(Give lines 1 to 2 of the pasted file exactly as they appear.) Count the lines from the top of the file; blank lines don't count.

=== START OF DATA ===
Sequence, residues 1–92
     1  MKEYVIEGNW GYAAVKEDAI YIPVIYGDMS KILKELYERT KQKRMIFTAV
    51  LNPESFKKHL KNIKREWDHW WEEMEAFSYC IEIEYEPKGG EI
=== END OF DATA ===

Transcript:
Sequence, residues 1–92
     1  MKEYVIEGNW GYAAVKEDAI YIPVIYGDMS KILKELYERT KQKRMIFTAV